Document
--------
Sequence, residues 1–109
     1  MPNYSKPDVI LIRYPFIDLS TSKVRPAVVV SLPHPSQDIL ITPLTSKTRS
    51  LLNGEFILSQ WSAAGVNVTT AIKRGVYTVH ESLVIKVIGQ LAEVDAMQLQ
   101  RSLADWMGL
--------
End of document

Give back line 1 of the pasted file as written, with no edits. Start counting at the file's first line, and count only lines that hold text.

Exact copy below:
Sequence, residues 1–109